Democrats targeting red states and other commentary

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Conservative: Dems Target Red States

Democrats are alarmed by the number of residents fleeing blue states, but “instead of trying to fix the policies” that push people away, liberal lawmakers “want to impose those unpopular mandates nationwide,” observes Liz Peek at The Hill. To “eliminate the competition between states that they are losing,” lefties are “pushing bills that would put the federal government in charge of states’ labor laws, fiscal policies and voting rules” — from stimulus funds that prohibit state-level tax cuts to ballot-box “reforms” intended to enhance blue turnout in red places. These “egregious power-grabs” are “downright authoritarian.”

Conservative: Private-Sector Censors

Thursday’s congressional tech hearings saw Democrats trying to get around the First Amendment, recruiting Facebook and Twitter to “abridge the freedom of speech,” warn the editors at the Washington Examiner. Democrats made it clear that they “have the power to subsidize, tax, regulate and protect the giants, so they expect these companies to crack down on bad speech” — or in other words, “to censor the other side.” They label as “misinformation and hate speech” any facts and opinions against the left, including “pro-lifers, conservative commentators and investigative reporters who have unearthed unflattering news about President Joe Biden” and his clan. Knowing they can’t outright ban pro-life opinion or stories like The Post’s Hunter Files, Democrats seek instead to “limit the public square to a handful of companies and then pressure those companies to do the censoring.”

Tech beat: Zuck Punts to Congress

At Vox, Peter Kafka sums up Facebook CEO Mark Zuckerberg’s “message for Washington: We’re happy to change the way we run Facebook. Just tell us how.” That was the upshot of Zuck’s testimony before Congress Thursday. Everyone in Washington “wants to do . . . something about Facebook,” from GOPers worried about censorship of conservative views to Democrats who think the platform might “destabilize democracy.” Facebook’s answer: Congress should force it and other platforms to put “systems in place for identifying unlawful content and removing it.” In exchange, Congress would leave in place Section 230 protections that allow Facebook to act as a publisher without a publisher’s liabilities. The effort needn’t be entirely successful, so long as Facebook is seen spending “a lot of time and money” trying.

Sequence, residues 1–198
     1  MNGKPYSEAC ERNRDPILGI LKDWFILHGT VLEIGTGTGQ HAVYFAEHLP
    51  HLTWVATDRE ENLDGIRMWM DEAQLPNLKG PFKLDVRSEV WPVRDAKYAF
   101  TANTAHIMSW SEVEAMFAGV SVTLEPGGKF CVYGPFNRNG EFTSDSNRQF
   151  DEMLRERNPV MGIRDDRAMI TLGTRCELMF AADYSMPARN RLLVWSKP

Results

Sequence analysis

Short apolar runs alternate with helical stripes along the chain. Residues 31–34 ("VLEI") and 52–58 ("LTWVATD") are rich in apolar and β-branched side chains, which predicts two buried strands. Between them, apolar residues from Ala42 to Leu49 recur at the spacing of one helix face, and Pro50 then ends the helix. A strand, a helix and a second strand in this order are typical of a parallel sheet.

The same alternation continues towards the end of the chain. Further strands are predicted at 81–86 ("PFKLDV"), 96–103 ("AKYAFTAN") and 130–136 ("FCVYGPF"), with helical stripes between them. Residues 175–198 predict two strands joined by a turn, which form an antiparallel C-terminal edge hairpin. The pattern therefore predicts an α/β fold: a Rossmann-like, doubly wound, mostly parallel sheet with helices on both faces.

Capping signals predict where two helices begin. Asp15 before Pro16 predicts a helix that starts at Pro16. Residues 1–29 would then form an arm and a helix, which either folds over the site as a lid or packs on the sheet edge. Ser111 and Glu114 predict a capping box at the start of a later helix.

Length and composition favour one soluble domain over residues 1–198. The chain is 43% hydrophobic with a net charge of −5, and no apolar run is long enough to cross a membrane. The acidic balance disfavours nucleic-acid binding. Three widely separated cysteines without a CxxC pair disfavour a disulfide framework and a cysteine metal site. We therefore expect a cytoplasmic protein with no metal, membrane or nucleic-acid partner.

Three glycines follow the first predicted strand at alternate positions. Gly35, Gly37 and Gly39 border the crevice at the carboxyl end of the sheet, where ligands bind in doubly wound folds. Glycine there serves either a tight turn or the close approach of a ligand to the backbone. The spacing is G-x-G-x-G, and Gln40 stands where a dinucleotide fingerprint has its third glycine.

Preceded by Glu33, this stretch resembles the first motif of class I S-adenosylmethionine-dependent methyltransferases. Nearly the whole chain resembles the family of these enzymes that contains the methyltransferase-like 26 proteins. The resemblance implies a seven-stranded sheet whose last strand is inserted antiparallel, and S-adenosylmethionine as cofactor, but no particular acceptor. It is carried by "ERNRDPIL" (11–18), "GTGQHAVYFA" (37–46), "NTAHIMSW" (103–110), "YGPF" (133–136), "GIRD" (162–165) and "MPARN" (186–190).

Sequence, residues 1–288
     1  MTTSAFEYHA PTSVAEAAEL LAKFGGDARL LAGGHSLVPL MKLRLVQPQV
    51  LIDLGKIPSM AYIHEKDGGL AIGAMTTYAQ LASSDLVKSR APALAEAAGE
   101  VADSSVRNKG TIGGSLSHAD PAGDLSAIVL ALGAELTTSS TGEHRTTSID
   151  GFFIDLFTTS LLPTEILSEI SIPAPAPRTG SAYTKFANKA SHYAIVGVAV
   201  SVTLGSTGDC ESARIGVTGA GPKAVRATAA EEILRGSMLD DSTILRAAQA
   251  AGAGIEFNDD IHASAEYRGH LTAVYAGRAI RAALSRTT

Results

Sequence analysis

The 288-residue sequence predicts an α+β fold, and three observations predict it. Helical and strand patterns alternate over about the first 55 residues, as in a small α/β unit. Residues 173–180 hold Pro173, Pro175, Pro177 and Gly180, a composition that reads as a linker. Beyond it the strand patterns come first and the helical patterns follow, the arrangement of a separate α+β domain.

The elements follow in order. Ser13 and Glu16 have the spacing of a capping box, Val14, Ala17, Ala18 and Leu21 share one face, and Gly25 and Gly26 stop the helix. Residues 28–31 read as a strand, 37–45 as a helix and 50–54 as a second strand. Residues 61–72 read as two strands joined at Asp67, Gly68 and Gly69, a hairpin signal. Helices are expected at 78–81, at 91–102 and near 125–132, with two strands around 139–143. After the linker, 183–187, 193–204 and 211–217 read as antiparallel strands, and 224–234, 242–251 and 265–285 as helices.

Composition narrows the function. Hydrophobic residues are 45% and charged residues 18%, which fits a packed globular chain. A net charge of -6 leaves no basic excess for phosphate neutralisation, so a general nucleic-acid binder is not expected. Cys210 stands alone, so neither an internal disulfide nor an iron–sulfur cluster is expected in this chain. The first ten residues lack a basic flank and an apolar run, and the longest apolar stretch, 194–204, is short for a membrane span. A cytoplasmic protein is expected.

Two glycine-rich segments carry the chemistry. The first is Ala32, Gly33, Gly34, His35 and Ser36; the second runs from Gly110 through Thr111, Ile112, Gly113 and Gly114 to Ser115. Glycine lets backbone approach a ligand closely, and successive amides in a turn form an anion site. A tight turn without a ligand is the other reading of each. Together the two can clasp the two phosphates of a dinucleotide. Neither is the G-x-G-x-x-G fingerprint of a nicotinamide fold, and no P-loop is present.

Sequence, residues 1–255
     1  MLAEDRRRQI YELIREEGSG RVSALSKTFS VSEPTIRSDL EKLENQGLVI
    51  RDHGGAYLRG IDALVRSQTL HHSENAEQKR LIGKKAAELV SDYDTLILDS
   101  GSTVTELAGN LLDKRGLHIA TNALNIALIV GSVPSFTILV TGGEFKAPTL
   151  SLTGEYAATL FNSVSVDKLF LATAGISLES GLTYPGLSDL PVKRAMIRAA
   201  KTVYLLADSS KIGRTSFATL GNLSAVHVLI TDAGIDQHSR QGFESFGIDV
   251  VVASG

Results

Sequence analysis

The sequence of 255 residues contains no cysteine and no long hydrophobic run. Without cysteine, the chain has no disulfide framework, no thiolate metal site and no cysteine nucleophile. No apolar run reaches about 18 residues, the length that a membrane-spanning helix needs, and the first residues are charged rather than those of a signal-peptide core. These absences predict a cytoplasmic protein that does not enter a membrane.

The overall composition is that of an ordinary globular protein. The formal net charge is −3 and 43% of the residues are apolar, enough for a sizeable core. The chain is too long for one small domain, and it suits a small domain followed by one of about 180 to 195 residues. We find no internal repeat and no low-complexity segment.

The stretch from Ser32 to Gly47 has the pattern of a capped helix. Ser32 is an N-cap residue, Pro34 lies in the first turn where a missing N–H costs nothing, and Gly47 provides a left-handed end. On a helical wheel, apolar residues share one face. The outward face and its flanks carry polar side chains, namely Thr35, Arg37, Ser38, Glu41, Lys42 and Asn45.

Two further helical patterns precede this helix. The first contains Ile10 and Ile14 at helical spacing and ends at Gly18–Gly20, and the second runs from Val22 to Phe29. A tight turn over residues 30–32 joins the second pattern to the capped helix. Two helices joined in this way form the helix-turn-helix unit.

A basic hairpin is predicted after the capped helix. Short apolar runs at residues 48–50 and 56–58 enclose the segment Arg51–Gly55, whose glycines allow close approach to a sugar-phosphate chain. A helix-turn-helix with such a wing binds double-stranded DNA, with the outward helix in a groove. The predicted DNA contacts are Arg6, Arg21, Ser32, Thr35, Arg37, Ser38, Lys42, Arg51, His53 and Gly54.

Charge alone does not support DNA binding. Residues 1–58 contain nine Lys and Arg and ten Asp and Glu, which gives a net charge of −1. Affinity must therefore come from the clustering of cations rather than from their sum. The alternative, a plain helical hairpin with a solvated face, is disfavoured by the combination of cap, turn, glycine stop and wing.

From the right: Noem’s Capitulation

South Dakota Gov. Kristi Noem was a rising star among the GOP’s Trumpian base, which adored her for resisting drastic lockdowns — “then, in one fell swoop, she messed it all up,” sighs Gavin Wax at American Greatness. She did this by opposing “a measure pushed by South Dakota Republicans in the state legislature that would protect female sports” from biological males, a move that has left Christian activists “enraged at the latest betrayal of traditional values and mental sanity from a Republican leader.” The governor “says that the legislation to protect female athletics would undermine the ‘great strides we have taken to gain national exposure and increase opportunities for our next generation over the past two decades’ ” — code for fear of the large corporations and pro leagues that are in complete thrall to gender ideologies. “While liberals exploit the powers at their disposal to achieve success, Republicans parrot silly excuses made up by lobbyists to confuse their constituents and disenfranchise their grassroots supporters.”

Foreign desk: How China Punishes Companies

Clothing giants H&M and Nike are paying the price for speaking out against Beijing’s forced-labor practices: H&M has had “its products ­removed from several major e-commerce retailers,” The Wall Street Journal’s editorial board note, while Chinese “celebrities cut ties with Nike, as netizens rained scorn on the brands” on Chinese social media. The companies issued statements last year “decrying forced labor in the concentration camps Beijing operates to imprison Uighurs in Xinjiang” — a ­region known for cotton production. The Chinese Communist Party’s sinister response: “to use China’s market power as leverage to shut down critics anywhere in the world.” 

— Compiled by The Post Editorial Board 

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